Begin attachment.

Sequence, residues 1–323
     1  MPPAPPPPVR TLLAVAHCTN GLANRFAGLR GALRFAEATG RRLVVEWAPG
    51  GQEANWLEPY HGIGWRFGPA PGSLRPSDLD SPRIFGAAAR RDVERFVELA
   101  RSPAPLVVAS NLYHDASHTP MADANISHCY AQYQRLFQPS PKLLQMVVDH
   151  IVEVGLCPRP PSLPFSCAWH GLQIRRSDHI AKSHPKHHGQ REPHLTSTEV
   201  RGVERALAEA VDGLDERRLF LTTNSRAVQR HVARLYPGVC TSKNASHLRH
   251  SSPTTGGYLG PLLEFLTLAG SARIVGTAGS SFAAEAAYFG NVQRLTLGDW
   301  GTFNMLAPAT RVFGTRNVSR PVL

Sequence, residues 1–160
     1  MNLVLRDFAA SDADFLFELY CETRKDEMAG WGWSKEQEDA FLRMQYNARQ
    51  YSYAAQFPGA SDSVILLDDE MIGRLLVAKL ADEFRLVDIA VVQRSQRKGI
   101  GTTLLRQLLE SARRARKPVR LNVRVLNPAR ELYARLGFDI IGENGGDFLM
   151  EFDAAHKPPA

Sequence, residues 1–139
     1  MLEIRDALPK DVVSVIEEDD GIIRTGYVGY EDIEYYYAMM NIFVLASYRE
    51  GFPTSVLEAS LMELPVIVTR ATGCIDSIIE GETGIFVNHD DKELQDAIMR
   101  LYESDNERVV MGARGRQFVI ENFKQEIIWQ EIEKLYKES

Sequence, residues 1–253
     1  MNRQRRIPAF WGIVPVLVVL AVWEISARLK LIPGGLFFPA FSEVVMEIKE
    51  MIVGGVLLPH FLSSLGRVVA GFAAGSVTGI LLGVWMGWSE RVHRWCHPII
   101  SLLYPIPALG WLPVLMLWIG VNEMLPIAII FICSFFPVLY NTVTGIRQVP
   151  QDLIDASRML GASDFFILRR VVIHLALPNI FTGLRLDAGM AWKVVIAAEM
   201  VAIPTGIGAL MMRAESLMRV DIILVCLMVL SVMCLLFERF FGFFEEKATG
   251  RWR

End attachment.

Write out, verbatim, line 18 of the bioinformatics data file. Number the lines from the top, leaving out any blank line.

Sequence, residues 1–253